I struggle with many of the same issues. Ex. we still eat conventionally raised beef for the most part (and I buy it when on sale). Every month since going paleo I've hit our theoretical food budget about 2/3 the way through the month, leaving me to wonder if we'd ever afford it in earnest.
Also, I'm a mom of 2 young kids - a 1 yr. old and a 3 yr. old, so I totally get the not having the time (or wherewithal) to brave multiple trips to grocery stores with them in tow. I generally make a trip to our nearest grocery store - Giant - every 3-4 days, where I buy said conventionally raised beef and many conventionally raised fruits and vegetables. Eggs and dairy I try to buy organic (Target and Sam's are actually price-competitive for these). Amazon is a good, price-competitive source for more obscure stuff, that I try to buy on Subscribe and Save where possible, so that is one "grocery trip" I can manage in a few minutes from the comfort of my home after my kids are in bed.
Otherwise, my husband, my kids, and I hit up Sam's Club about once monthly. Trader Joe's, which is near my folks' house further away, about once quarterly (good thing the Kerrygold butter which is cheapest there has a long shelf life).
Another source of compromise is my daughter's preschool where she has snacks 3 times each week - almost invariably pretzels or animal crackers, etc. I had a long internal debate about this at the beginning of the year, but ultimately decided that for my 3-year-old daughter's first year in "school" it wasn't worth the social alienation of setting her apart from her peers every single day while she eats a gluten-free snack. (Any who are feeling the impulse to "excommunicate" me here on the basis of gluten's effects lingering for weeks should also consider that she gets exposed to wheat in Sunday School, at her grandparents' houses [despite my efforts to the contrary], with classmates' cupcakes when they have birthdays, etc. In other words, it is perpetually in some sort of circulation. I amazed at how parents of celiac kids manage to keep all sources of wheat away from their kids.) Because of these regular, incidental doses of gluten, I try to make excluding gluten from her diet at home my main focus. She stopped asking me for breakfast cereal a while ago, and now considers various fruits, bacon, cheese, eggs, etc. as potential breakfast foods. (I dearly hope that attitude will carry on to her adult years.)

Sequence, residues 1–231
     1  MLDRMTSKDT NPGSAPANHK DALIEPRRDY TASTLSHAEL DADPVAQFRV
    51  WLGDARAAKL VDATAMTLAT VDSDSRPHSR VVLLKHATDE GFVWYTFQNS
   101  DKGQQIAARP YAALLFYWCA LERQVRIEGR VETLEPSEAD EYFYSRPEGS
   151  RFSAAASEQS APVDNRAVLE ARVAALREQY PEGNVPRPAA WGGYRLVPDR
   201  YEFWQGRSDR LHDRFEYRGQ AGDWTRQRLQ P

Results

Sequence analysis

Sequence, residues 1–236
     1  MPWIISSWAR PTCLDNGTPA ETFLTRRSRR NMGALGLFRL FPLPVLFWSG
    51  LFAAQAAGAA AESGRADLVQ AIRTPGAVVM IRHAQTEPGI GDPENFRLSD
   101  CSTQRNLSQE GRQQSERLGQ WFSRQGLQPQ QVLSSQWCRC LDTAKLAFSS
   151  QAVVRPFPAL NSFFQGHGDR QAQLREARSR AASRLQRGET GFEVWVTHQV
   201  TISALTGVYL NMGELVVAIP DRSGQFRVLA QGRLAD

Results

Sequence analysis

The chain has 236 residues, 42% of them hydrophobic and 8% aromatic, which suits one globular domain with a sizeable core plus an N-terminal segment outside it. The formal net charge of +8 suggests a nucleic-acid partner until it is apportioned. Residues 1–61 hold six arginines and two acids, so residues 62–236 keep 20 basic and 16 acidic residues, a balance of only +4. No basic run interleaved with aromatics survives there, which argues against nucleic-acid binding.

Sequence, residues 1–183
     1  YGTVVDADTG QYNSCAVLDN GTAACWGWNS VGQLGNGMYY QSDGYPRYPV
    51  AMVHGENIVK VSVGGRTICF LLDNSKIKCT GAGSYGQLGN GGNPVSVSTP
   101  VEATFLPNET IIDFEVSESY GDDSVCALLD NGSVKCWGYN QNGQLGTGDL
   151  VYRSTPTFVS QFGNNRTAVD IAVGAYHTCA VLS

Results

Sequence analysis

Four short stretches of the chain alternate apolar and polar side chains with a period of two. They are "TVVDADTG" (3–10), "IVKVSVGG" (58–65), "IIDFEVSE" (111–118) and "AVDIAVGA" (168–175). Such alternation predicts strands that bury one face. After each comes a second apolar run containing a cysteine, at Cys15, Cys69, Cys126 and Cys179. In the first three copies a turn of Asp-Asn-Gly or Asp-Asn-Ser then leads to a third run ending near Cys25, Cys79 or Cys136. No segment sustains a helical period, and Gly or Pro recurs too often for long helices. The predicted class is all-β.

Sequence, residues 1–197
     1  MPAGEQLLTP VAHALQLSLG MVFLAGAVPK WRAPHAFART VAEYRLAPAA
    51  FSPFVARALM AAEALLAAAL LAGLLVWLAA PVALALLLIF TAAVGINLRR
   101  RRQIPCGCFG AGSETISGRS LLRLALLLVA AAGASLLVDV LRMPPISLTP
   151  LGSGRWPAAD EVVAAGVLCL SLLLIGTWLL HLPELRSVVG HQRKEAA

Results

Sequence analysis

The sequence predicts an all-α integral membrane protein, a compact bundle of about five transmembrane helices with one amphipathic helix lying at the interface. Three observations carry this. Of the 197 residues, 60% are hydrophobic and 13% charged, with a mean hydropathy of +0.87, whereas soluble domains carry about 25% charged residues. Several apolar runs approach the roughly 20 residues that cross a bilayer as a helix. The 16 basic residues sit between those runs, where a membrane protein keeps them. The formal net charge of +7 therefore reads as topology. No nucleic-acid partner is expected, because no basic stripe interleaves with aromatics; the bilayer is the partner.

ALL THIS TO SAY: Hang in there, girl. "Paleo Perfection" is not a necessary goal. You do not need to have only raw organic pastured artisanal cheese in your fridge, nor do you need to eat only organically-raised pastured animals, nor do you need to eschew deodorant and cosmetics (I don't), to refer to your way of eating as "paleo".
By avoiding grains and refined sugar you are already giving your kids a solid foundation of what real food looks and tastes like. You have plenty of time to tinker (as with your omega-3/omega-6 levels, with finding pastured foods, etc.), as your time and money budgets will eventually allow, so take it easy and pat yourself on the back for your current achievement of a paradigm shift. (And frankly, even if you don't decide to tinker, having gluten and sugar off the menu is HUGE in and of itself.) Whatever else you manage in the future is (gluten-free) gravy. :)